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Canon XL and GL Series DV Camcorders
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Old July 26th, 2005, 01:04 PM   #1
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Testing Dead Pixels

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I recently had to exchange my XL2 for a new one due to a dead pixel and the replacement arrived today. Some basic shoot and watch tests don't seem to reveal a problem (there were some spots that were either grain or from the settings I had on), but is there a specific way to monitor whether or not there's a bad pixel? I'd hate to have to keep going through this...

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Old July 26th, 2005, 01:14 PM   #2
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Leave the lens cap on, put the camera in the M manual mode, dial the shutter speed all the way down to 1/8th sec., open the iris up all the way, turn the Gain to +18db. Have the camera at the 60i or 30p frame rate. Cable out to an external monitor. If you have a hot pixel, it should show up.
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Old July 26th, 2005, 07:20 PM   #3
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Chris,

I'm sending my XL2 back as well...as mentioned previously on these forums, it has a fault in the lens. But, what is a dead pixel? I've heard this mentioned before and I don't know what it is. Also, how would it show up in a clip?

Lucinda
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Old July 26th, 2005, 08:44 PM   #4
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You can also record using the PC software that came with the camera and record directly to your computer. You can see the pixels in there right away - especially when pointing at a dark area.
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Old July 26th, 2005, 09:51 PM   #5
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Quote:
Originally Posted by Lucinda Luvaas
Chris,

I'm sending my XL2 back as well...as mentioned previously on these forums, it has a fault in the lens. But, what is a dead pixel? I've heard this mentioned before and I don't know what it is. Also, how would it show up in a clip?

Lucinda
A dead pixel usually shows up as a small white spot on the footage that stays in the same place, no matter where you move the camera. I don't know the technical reasons for it, but it usually only shows up in very dark footage, like a wedding reception.
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Old July 26th, 2005, 09:58 PM   #6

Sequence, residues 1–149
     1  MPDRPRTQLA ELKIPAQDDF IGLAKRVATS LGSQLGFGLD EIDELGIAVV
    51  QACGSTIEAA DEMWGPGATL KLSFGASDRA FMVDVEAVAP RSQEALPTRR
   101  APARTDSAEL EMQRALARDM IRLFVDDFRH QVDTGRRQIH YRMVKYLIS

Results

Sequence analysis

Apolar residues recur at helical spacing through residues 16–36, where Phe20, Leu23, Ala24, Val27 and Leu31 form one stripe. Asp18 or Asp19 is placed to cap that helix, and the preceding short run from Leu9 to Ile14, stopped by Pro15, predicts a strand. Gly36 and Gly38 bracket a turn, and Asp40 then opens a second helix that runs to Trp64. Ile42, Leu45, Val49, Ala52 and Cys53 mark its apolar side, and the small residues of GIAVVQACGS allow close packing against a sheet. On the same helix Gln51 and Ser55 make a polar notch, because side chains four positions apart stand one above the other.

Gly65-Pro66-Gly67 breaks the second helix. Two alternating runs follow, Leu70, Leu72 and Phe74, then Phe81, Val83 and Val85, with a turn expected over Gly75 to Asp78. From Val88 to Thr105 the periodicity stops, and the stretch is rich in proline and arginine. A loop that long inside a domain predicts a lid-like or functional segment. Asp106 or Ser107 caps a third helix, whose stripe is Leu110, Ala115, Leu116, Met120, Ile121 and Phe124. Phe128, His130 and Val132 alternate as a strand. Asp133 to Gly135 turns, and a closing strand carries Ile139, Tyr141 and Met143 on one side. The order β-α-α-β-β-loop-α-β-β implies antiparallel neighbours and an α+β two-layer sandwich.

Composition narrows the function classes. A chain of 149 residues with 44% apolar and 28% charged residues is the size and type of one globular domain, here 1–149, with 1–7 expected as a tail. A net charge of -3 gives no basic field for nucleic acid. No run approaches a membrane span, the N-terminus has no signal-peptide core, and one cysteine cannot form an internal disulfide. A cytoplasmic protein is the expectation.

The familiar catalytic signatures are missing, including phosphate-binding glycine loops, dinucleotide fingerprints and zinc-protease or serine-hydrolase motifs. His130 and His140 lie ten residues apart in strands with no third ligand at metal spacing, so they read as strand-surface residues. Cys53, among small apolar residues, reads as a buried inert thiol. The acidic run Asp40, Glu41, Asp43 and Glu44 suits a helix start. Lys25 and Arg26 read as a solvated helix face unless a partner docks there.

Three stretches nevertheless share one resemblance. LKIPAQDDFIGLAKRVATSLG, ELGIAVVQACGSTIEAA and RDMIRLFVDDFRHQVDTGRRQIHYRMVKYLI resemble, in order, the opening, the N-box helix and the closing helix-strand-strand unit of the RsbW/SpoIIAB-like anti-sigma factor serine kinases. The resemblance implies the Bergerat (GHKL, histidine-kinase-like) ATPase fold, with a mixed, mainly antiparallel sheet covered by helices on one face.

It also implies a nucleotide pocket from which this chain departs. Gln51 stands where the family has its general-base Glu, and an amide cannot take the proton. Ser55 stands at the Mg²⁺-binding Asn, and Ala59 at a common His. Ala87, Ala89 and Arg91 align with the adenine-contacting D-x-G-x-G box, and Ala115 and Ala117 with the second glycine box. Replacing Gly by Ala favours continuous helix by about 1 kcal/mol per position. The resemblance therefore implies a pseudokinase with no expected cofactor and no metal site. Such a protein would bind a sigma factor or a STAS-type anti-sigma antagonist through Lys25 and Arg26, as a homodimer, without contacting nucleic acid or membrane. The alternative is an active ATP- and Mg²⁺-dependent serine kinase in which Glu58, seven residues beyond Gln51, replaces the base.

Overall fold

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Quote:
Originally Posted by David Perry
A dead pixel usually shows up as a small white spot on the footage that stays in the same place, no matter where you move the camera. I don't know the technical reasons for it, but it usually only shows up in very dark footage, like a wedding reception.
Subtle but important distinction: A "dead" pixel is one that does not respond to light; it appears BLACK on a white background, and is relatively invisible on a dark background.

A "hot" pixel, which Chris describes how to test for, and which David is referring to, is one that is permanently turned on (thinks it sees light even when there is none). It appears WHITE on a dark background.
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Old July 26th, 2005, 10:06 PM   #7
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Not that it really matters, but can you guys clear this up for me:

It sounds like you are testing for dead pixels on the CCDs (not the EVF). For a hot pixel or a dead pixel (white or black), wouldn't you require a dead or hot pixel on all ccds? if you had one on only one ccd, wouldn't the pixel be still active in two colours, but not the third (damaged) one?

thanks.
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Old July 26th, 2005, 11:02 PM   #8
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I did the test and there seems to be a white speck at the top of the frame. It only appears when I turn the gain all the way up and flickers somewhat. Is this a hot pixel (and could my luck be that bad)?

Thanks!
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Old July 27th, 2005, 12:02 AM   #9
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If you can't see a problem with your normal, day-to-day video, then you don't have anything to worry about.
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Old July 27th, 2005, 12:21 AM   #10
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Yes, if you turn the gain up, you will have a greater chance of getting one or two in your footage. If you have this happen during normal gain settings, then maybe consider sending the camera in. I had a similar problem with mine and canon fixed it in under 2 weeks.

The footage can also be "fixed" in post as the pixel is stationary and creating a mask for it is relatively easy. It really is an issue of luck for getting one. If you think about the amount of pixels in your ccd array, and then you think of the chances that one might be malfunctioning, I am always surprised that we don't have it happen more often. I think cameas should have built-in masks that temporarily deal with this until the camera can be sent in for repair. This is already a feature in higher end digital still cameras. With HD cameras having far more pixels in the ccd's, there is even a higher chance of getting a malfunctioning pixel.
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